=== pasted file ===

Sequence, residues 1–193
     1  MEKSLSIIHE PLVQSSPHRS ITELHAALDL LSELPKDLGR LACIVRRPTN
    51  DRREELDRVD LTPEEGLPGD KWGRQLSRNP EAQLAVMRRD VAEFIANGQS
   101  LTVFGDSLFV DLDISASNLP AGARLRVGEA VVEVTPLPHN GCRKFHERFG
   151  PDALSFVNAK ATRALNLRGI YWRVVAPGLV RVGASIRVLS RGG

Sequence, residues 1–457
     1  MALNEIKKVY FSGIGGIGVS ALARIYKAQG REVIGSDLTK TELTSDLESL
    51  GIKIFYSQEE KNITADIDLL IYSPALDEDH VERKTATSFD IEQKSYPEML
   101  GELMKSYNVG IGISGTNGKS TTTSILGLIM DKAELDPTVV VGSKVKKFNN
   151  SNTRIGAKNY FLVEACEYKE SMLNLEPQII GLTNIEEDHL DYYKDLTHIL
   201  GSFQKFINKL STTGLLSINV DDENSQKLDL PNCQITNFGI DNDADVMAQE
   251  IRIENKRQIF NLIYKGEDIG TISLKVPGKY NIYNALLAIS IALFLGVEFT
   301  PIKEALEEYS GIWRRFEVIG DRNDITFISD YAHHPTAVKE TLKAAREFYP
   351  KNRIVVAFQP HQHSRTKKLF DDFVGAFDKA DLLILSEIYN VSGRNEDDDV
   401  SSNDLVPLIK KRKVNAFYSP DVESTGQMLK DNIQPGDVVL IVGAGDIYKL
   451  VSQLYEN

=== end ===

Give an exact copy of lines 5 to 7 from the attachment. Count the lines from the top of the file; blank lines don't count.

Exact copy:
   151  PDALSFVNAK ATRALNLRGI YWRVVAPGLV RVGASIRVLS RGG

Sequence, residues 1–457
     1  MALNEIKKVY FSGIGGIGVS ALARIYKAQG REVIGSDLTK TELTSDLESL